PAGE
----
Putin’s Revealing Financial Times Interview

By Richard Weitz

Immediately before departing for the G20 summit in Japan, Vladimir Putin gave a revealing interview to The Financial Times.

Although most attention focused on his dismissal of liberal globalism as a spent ideology, the text offers other insights into the Russian President’s national security strategy.

For example, Putin provided one of his clearest assessments of Russian gains from its military intervention in Syria, which he explains as a calculated risk: It was sufficiently high.

“However, of course, I thought carefully about this well in advance, and I considered all the circumstances and all the pros and cons.”

According to Putin, in Syria, “we have accomplished even more than I had expected”:

1) the intervention killed many terrorists who were planning to return to Russia or neighboring countries;

2) the situation in a nearby region has become more stable;

3) “we have directly strengthened Russia’s domestic security;”

4) Russia has strengthened its ties and influence in the Middle East;

5) “Our Armed Forces have received such practical experience that they could not have obtained during any peace-time exercises.”

Addressing Sino-Russian ties, Putin denies that their cooperation is driven by common hostility to the United States.

“Russia and China are not directing their policy against anyone,” he claimed. “

We are just consistently implementing our plans for expanding cooperation,” which Putin asserted were based on the goals laid out in their 2001 bilateral friendship treaty.

Nonetheless, the Russian president added that the two governments’ “positions coincide on a number of matters on the current global agenda,” including economics and trade.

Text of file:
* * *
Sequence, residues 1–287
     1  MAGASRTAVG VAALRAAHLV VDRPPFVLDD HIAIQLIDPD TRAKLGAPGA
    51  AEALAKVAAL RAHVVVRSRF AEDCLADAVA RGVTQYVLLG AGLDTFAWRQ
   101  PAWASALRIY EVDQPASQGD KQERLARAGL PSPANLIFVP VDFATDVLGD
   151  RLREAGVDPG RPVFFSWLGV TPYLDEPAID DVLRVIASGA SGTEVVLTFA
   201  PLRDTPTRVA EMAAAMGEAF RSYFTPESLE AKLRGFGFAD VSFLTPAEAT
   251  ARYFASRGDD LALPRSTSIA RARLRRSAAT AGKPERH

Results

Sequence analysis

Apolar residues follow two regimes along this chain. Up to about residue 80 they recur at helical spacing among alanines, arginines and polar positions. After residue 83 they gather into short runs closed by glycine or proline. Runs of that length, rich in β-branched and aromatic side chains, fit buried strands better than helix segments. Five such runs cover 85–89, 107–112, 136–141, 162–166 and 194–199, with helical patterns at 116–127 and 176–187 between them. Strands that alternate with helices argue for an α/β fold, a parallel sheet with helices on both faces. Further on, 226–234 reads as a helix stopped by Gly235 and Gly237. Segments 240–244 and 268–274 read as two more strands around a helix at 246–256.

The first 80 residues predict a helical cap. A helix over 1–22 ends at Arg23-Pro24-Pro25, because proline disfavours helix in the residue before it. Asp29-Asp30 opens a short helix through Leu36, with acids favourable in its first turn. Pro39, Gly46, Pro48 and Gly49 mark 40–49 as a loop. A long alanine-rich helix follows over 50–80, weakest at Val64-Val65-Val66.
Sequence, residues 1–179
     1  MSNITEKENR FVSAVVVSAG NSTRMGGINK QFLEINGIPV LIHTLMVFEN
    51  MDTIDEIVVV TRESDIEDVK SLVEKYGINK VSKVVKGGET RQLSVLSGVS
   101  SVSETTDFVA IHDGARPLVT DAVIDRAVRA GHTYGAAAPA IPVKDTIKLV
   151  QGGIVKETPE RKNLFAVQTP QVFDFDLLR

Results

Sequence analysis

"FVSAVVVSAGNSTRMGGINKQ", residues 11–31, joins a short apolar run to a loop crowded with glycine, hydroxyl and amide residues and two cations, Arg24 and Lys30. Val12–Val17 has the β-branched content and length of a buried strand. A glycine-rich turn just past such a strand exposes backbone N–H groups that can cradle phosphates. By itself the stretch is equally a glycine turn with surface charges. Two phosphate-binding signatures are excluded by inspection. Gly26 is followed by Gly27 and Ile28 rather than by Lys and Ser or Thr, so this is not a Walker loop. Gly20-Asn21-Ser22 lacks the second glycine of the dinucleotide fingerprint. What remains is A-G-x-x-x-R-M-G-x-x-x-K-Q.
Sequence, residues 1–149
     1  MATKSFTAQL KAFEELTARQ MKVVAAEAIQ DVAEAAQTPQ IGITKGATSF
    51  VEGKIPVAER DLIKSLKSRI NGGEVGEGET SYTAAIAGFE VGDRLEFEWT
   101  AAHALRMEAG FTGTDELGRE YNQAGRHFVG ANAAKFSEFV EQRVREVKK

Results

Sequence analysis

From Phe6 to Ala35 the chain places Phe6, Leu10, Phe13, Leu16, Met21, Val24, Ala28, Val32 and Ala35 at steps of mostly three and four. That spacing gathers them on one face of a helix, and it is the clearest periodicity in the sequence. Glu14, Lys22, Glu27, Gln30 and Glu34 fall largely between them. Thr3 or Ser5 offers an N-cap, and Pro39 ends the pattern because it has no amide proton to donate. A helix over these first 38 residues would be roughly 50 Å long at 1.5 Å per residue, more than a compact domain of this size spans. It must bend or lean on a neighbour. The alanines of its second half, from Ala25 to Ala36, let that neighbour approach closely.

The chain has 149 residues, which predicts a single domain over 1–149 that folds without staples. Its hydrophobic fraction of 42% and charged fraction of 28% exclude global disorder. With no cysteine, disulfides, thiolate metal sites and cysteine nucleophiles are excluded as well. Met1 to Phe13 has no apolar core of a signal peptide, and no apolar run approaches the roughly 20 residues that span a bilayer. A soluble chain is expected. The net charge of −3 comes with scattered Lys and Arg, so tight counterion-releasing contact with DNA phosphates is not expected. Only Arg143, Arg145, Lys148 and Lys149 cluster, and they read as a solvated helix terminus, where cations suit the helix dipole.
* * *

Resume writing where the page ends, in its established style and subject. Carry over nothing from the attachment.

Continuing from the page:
In this regard, Putin noted that Chinese and Russian leaders believe that, since the share of the global GDP accounted for by the Group of Seven (G7) Western industrial countries has declined over the last 25 years from 58 percent to 40 percent, the governance of the world’s economic institutions should be adjusted accordingly.

Although he chastised Americans’ alleged unwillingness to share leadership with rising powers, and supposedly exaggerated fears of Russian and Chinese military power, Putin argued that the deterrence effect of nuclear weapons decreased his fear of a military conflict between Beijing and Washington since each understood the devastation such a war would cause.

On the sidelines of the April 2019 Moscow Security Conference, Russian Defense Minister Sergei Shoigu remarked in his meeting with Chinese counterpart General Wei Fenghe, “Thanks to the efforts of Russian and Chinese leaders, our relations are reaching a new, unprecedented high level,” to the general benefit of “ensuring peace and international security.”

Shoigu asserted that this high level of joint activity included “joint operational and combat training activities [and] consultations between the general staffs” as well as military exchanges and collaboration between Russian and Chinese professional military educational institutions.

Wei reciprocated, calling their mutual defense ties “the closest interaction which is the best among all relations between large countries.”

His list of notable interactions included reciprocal support “in the most important issues and strategic projects” as well as heightened “joint opposition to security threats amid instability and uncertainty prevailing in the world.”